Biography of a Hasheesh Eater
by Dave Gross
The Hasheesh Eater was published when Ludlow was twenty-one years old, a recent graduate who had taken a job as a teacher of English and the classics at Watertown Academy. "I had determined, for the year to come, to be independent for a support of all aid save my own exertions. Entire self-sustenance was a very dear project with me."
Self-sustenance and independence from his family, we can imagine, since things were still tense at home. A cousin of Fitz Hugh wrote to her brother around this time "[h]ow glad I am that I board here, instead of at Uncles.... it is awful when Fitz is at home. I should think that they would be sorry when he comes and glad when he goes away. he is all the time disputing, and he contradicts his Father every word he says. he is so impudent, that I should think Uncle would turn him out of the house."
The Hasheesh Eater was a success, going through a few printings in short order, and Ludlow, although he published both the book and his earlier article "The Apocalypse of Hasheesh" anonymously, was able to take advantage of the book's notoriety. Harper's New Monthly Magazine wrote that:Unequal to De Quincey in literary culture and in the craft of book-making, the author of this work compares favorably with him in the passion for philosophical reflection, in the frankness of his personal revelations, and in perternatural brilliancy of fancy. In point of compact and orderly method in the narration of his story he has a decided advantage over De Quincey. The comparative merits of hasheesh and opium as a stimulant to the intellect and the source of wild, imaginative dreams, may be learned from a comparison of the two volumes.... The experience of the author in its use is here frankly and fully related, in a narrative which is equally rich in psychological illustration and in imaginative vision.Ludlow stayed only briefly at Watertown, soon moving on to study the law under William Curtis Noyes (himself a lawyer who had begun his legal studies at the age of fourteen in the offices of Fitz Hugh's uncle Samuel). Noyes was, as well as an accomplished legal scholar, a firm temperance advocate who gave speeches regularly on the subject. Although Ludlow's studies enabled him to pass the bar exam in New York in 1859, he never practiced law, instead deciding to pursue a literary career.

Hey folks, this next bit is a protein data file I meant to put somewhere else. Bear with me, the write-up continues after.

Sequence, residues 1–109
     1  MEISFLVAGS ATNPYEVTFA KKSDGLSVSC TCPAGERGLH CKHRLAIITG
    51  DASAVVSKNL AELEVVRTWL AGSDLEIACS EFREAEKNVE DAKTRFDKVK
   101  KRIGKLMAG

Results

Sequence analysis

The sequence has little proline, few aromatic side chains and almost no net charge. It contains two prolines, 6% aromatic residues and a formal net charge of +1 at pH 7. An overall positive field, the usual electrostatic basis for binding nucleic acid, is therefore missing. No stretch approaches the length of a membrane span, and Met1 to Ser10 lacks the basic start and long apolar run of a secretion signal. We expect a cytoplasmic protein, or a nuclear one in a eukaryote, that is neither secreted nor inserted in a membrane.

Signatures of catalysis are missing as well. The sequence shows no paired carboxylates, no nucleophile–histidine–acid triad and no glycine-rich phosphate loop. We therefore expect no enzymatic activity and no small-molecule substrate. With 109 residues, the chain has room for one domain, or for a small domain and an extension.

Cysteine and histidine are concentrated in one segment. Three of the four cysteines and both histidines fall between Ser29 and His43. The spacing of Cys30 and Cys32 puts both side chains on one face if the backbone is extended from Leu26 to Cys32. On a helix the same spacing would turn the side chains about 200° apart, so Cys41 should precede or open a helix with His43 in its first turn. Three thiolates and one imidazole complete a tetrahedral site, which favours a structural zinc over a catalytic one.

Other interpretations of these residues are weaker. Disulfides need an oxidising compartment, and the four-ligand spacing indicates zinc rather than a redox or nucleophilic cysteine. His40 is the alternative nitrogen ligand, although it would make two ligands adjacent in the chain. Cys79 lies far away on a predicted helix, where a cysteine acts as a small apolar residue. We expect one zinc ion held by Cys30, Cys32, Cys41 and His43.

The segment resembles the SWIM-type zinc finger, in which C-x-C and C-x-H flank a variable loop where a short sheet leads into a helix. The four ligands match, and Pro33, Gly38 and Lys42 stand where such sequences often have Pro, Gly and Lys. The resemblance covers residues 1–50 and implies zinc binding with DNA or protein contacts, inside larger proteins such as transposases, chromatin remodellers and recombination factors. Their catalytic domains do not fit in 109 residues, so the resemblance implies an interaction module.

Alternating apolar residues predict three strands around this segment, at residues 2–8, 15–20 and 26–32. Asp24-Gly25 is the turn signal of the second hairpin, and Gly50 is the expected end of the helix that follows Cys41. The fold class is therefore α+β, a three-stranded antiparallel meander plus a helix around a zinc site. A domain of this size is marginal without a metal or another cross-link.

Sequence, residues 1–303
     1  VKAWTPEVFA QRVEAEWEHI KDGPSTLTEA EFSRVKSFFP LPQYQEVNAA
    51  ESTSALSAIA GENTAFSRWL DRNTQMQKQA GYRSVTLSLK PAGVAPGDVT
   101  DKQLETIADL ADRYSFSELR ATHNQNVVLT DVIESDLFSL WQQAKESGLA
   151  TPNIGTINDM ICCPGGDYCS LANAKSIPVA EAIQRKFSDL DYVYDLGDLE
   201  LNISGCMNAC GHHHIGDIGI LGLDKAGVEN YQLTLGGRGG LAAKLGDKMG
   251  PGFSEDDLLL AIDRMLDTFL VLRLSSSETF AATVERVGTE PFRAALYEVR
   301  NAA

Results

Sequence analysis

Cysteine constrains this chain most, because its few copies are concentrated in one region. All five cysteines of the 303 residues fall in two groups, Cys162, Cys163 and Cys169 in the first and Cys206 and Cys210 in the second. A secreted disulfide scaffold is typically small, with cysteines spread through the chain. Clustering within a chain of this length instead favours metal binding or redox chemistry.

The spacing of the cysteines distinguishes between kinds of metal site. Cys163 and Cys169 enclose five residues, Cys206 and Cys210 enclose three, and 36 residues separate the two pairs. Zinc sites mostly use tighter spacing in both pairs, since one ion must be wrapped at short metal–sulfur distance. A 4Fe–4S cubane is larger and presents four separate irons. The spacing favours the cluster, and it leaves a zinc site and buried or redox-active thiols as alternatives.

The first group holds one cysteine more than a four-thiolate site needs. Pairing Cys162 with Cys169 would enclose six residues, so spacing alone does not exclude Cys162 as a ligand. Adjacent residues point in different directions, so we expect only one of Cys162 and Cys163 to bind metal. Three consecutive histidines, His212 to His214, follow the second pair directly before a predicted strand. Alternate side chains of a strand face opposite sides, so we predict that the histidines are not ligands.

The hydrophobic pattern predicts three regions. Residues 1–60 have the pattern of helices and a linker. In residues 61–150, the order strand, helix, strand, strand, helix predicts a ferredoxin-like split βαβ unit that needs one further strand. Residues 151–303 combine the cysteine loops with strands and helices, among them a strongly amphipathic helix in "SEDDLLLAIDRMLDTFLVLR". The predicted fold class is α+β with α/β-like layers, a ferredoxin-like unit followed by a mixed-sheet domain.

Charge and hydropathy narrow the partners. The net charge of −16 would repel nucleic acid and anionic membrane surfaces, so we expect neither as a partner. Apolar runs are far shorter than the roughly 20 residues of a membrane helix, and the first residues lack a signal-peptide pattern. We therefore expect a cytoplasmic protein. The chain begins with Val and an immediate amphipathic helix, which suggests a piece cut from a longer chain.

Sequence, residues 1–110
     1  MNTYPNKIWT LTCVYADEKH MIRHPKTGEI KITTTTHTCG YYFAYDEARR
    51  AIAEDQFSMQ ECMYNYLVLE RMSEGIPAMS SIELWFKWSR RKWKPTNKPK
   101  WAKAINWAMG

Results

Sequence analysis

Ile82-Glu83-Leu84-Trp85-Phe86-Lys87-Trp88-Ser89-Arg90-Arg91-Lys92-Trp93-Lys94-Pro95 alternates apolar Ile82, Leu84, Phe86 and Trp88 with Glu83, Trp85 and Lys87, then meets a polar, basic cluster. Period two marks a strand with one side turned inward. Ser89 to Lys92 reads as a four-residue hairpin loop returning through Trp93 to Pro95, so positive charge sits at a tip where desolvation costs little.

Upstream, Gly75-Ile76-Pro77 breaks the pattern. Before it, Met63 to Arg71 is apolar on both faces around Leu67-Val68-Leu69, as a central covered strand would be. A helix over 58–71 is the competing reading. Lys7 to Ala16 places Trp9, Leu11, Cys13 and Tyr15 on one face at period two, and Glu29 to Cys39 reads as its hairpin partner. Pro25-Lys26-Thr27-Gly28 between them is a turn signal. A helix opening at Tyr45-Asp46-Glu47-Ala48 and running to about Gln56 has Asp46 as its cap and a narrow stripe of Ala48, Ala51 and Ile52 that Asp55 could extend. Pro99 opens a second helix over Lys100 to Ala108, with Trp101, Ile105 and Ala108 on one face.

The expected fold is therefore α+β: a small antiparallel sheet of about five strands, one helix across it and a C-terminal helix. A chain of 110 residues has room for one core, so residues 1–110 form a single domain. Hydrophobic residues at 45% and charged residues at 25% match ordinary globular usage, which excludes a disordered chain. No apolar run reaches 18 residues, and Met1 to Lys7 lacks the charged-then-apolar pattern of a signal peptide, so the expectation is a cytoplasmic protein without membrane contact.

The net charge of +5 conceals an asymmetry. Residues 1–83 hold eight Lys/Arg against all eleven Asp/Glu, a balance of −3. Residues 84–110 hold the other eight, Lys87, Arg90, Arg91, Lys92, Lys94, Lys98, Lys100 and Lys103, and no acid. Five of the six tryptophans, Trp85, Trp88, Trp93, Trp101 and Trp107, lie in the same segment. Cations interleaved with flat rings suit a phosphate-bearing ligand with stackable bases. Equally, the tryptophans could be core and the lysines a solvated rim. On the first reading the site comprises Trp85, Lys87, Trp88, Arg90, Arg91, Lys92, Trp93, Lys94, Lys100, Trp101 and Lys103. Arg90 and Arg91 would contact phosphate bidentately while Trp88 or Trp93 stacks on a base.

The late 1850s marked a changing of the guard in New York City literature. Old guard literary magazines like The Knickerbocker and Putnam's Monthly were fading away, and upstarts like the Atlantic Monthly, The Saturday Press, and Vanity Fair were starting up.
While still working on his legal studies, Ludlow took on a position as an associate editor at the new Vanity Fair, a magazine which at the time resembled Punch in tone, filled with short jokes, puns, lighthearted verse and cartoons. It was probably through the Vanity Fair staff that Ludlow was introduced to "the first organized Bohemia of America," centered around Pfaff's beer cellar on Broadway in New York City (where the Vanity Fair staff regularly met) and Saturday night gatherings at Richard Henry Stoddard's home on Tenth Street.